- “Transwomen are not women”. The court accepted our evidence that shows transgender prisoners are more likely to have a history of sexual offending that women, and that their general inclusion in the women’s prison estate would therefore lead to increased risk for women. In other words, transwomen are not like women. Their sexual offending patterns are more in line with other males, and not females. As such, significant risk mitigation procedures must be in place before any trans-identifying male is allowed into a women’s prison.
- Women’s concerns are not transphobic. The court accepts that women’s concerns are ‘‘fully understand[able]’ and widely held, indeed “Many people may think it incongruous and inappropriate that a prisoner of masculine physique and with male genitalia should be accommodated in a female prison in any circumstances”. It’s not transphobic. It is a perfectly reasonable and grounded concern.
In short: We’ve been saying this for years, but at last the high court agrees that there are conflicting rights here, and getting the balance wrong runs the risk of women being discriminated against. Women are stakeholders in transgender policy and it’s not transphobic to raise concerns. And case-by-case risk assessment is what now shields women from harm.
We say: without proper data, and without knowing the full extent of the impact on women, how can these competing rights be balanced properly? And when does a female’s right to safety override the feelings of males? Where do we draw that line and who decides?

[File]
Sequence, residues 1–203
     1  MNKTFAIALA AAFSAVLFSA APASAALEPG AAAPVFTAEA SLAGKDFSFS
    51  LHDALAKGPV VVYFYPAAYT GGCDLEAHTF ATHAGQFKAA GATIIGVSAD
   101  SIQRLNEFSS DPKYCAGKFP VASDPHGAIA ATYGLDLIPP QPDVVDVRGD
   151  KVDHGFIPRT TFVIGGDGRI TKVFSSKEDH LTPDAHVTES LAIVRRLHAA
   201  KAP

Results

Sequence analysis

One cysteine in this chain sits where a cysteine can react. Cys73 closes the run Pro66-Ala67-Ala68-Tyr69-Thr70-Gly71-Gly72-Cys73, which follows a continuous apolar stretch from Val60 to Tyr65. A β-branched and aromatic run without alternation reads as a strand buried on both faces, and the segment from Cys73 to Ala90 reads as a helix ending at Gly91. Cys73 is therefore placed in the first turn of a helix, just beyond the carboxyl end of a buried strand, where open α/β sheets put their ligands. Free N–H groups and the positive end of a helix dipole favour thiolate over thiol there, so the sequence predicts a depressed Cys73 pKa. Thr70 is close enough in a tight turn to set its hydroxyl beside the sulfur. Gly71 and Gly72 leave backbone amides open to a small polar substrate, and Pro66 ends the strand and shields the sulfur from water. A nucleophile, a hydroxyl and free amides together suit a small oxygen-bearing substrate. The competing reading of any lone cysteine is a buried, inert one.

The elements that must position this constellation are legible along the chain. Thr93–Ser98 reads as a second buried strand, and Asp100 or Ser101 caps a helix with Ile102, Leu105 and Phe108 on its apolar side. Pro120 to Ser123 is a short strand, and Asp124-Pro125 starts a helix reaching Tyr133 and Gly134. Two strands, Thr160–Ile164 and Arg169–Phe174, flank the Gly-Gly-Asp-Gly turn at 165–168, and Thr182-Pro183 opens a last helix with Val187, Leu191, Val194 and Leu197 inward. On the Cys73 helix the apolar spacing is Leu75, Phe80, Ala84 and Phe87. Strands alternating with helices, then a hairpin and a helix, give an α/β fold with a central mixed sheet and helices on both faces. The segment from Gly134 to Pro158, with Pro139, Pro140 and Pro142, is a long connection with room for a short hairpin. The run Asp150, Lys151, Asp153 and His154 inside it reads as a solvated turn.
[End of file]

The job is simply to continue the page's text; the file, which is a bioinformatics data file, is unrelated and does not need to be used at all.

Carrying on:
What needs to happen next?
We need accurate data. Research must now be commissioned to evaluate the real impact on women in prison. Fair Play For Women was the first to reach out to women inside prison, but this isn’t enough. We need high-quality academic studies that ask women in prison what it’s like. What works and what doesn’t. We need to know the real cost women in prison are being expected to pay to accommodate males. Only then can we start to understand whether the transgender prison policy is fair or not. This must now be the MOJ’s priority. Fair Play For Women and others will hold them to account on this.
Next, politicians must now get properly involved. The law says the prison service must balance different rights. Where that balance is struck depends on how much weight society gives each set of rights. We need a public debate on the value of women. Society should decide where it wants the fair balance of rights to lie, not ‘expert panels’ in the prison service. The current policy may be “capable of being operated lawfully” but is that really good enough? You can help us by writing to your MP and telling them what you think.
No to sex offenders. The government has decided that the right of a male sex offender to associate with women can sometimes be greater than a woman’s right not to be forced to associate with a known male sex offender. We say that balance is wrong. A history of sexual offending should preclude all males, irrespective of identity, from ever getting into a prison for women. Fair Play For Women will continue to lobby for changes to the policy.
In bringing this case, one brave prisoner has ensured the MoJ must at the very least take this issue seriously and track transgender prisoners, and the impact on women, properly. The fight to fix this flawed policy has taken a step forward.
You can take action. Write or email your MP or MSP, telling them you are concerned about the safety of women in prison under this policy. Use examples, like Karen White, to show that this has been abused by violent men. The objection is not about those who identify as trans, it’s about letting males into women’s prisons.